Wednesday, April 6, 2011

Thursday Review—Pen on Fire

Pen on Fire

A Book Review by Lynn Blackburn 

I don’t know about you, but for me a perfect writing day looks something like this . . .

I sleep late and wake refreshed.
I turn on my favorite writing music (movie scores), put on my favorite writing clothes (lounge pants—elastic waist a must), brew a cup of tea (Earl Grey anyone?) and settle in.
For at least an hour.
Preferably two.
Or three.

There’s no need to go any further with this description because this ideal day . . . has NEVER happened.

Now, I’m willing to write in less than ideal conditions, but the one thing I have the most trouble with is the issue of time. If I don’t have an hour of quiet, I tend to think I don’t have time to write.

And this is a problem. I have three children. One of whom is six weeks old.

I never have an hour of quiet. Well, unless I want to write at 3AM. And given that I’m entering my sixth week of sleep deprivation, my ability to string together two coherent sentences at 3PM is questionable. At 3AM, absolutely impossible.

So what’s a writer to do? Give up? Write once a week, or once a month, when that elusive “quiet time” becomes available?

Not according to Pen on Fire. Apparently I’m not the only one with the misconception that I need at least an hour to write anything substantial. Or that if I don’t have an hour there’s no need to even start.

Pen on Fire shoots down this notion and provides concrete examples and advice for ways to make time for your writing—every day. Even if it’s in fifteen minute windows of opportunity.

The book is broken down into sections including how to start finding those fifteen minute windows, tools of the trade and overcoming the obstacles (gulp—the internet can be an obstacle) to your writing life.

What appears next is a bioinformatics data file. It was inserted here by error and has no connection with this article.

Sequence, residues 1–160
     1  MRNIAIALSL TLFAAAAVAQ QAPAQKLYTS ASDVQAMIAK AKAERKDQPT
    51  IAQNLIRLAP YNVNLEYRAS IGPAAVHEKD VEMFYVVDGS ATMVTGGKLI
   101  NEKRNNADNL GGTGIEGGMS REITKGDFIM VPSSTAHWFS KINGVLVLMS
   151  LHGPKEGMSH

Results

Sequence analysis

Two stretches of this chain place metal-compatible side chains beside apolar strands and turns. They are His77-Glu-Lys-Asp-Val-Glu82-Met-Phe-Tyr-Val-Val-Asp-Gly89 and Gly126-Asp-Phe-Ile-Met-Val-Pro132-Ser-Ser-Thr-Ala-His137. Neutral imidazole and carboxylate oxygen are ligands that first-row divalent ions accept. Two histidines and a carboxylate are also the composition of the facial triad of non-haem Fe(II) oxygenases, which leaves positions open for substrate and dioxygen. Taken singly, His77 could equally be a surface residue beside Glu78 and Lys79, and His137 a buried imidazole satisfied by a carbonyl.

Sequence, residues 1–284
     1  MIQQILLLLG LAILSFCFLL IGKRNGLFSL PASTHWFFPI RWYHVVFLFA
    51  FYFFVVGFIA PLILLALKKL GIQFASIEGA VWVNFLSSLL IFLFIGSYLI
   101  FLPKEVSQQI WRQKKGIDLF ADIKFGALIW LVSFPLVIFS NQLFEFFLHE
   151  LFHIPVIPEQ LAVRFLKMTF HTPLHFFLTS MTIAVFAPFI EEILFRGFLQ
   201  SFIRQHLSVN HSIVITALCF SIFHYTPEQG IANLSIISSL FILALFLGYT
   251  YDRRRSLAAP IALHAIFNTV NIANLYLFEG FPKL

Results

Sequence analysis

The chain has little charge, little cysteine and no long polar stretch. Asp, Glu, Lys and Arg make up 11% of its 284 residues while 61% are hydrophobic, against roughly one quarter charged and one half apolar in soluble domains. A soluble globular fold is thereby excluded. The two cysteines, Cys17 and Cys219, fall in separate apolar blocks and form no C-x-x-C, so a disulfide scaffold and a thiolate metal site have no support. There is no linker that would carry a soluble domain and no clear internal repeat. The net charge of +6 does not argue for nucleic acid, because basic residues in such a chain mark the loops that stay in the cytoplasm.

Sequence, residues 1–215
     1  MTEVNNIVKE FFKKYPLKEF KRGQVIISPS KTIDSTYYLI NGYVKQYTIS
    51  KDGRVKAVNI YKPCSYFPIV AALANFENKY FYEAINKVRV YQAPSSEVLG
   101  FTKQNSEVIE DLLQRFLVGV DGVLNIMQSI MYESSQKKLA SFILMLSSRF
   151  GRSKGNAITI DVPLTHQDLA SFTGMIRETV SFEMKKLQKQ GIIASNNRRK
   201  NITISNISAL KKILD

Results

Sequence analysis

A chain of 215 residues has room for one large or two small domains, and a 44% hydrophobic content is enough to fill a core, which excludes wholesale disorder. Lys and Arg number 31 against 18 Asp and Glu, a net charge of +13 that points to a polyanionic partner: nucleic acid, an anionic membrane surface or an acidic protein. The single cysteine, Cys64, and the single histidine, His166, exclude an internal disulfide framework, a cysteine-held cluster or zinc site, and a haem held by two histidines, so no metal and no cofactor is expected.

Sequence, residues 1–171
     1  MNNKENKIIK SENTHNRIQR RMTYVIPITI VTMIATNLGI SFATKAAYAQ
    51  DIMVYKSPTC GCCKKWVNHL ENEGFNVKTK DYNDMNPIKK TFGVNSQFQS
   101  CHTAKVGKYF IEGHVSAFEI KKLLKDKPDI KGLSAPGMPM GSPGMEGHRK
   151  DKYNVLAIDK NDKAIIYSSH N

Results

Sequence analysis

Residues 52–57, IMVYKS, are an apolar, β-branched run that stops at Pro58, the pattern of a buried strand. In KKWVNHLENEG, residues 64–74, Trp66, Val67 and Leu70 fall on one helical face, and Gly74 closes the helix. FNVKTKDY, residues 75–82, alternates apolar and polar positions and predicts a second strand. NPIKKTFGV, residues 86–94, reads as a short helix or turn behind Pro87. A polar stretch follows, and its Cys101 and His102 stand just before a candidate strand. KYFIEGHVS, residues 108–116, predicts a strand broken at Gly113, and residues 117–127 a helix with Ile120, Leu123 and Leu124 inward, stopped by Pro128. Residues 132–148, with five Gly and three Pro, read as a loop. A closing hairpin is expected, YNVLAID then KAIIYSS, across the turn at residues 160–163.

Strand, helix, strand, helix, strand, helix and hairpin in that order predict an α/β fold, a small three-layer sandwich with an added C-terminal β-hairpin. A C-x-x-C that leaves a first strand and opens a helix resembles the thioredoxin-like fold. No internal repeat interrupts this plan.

Has reading this book cured me of my desire for hours of uninterrupted writing bliss? Hardly. But it has given me hope that maybe I will be able to find time to write . . . sometime before 3AM.

What about you? Where do you carve out time to write?
Don’t forget to join the conversation!

Lynn Huggins Blackburn has been telling herself stories since she was five and finally started writing them down. On her blog Out of the Boat she writes about faith and family while her blog Perpetual Motion documents the joys and challenges of loving and rearing a child with special needs. A graduate of Clemson University, Lynn lives in South Carolina where she writes, reads, knits, takes care of three amazing children, one fabulous man and one spoiled rotten Boston Terrier.


  1. Well said, Lynn. Us busy moms do not have the luxury of long stretches of uninterrupted time. I "think" through most of my book before I ever make an outline or sit down to type. I "see" the scenes in my head while I'm in the grocery store, in the carpool line, etc... I "practice" the dialogue in my head during the fifteen minutes I have in the shower and getting ready for work each day. When I'm finally able to manage 15 minutes at the computer—I'm already primed and I get ready, get set and go fast. Even thirty minutes a day will yield impressive word count totals over the long stretch. Hope you start getting some more sleep soon. The first six months with a new baby are so hard.
    Lisa Carter
    Sweet Tea with a Slice of Murder

  2. Lynn, my are a joy to know. Life happens in moments, in seconds really, and it sounds like you are doing well. Love to read your reviews.

  3. I wholeheartedly agree to both sides of the equation.

    I'm an artist and I used to think that unless I had an hour of dedicated painting time, dirtying brushes wasn't worth the effort.

    Then came 2007 and a personal challenge to do one art trading card a day for the whole year. I learned just how much painting I could do in ten or twenty minutes. That translated into the larger paintings and I've since discovered that big paintings can be painted in ten or twenty minute stretches.

    So I've been applying the same rule to writing since taking it up seriously in 2008.

    I still covet hours to write or paint, but have learned that just showing up is half the battle, whether I have two minutes or two hours.

  4. Gulp, does that mean I have no more excuses? :)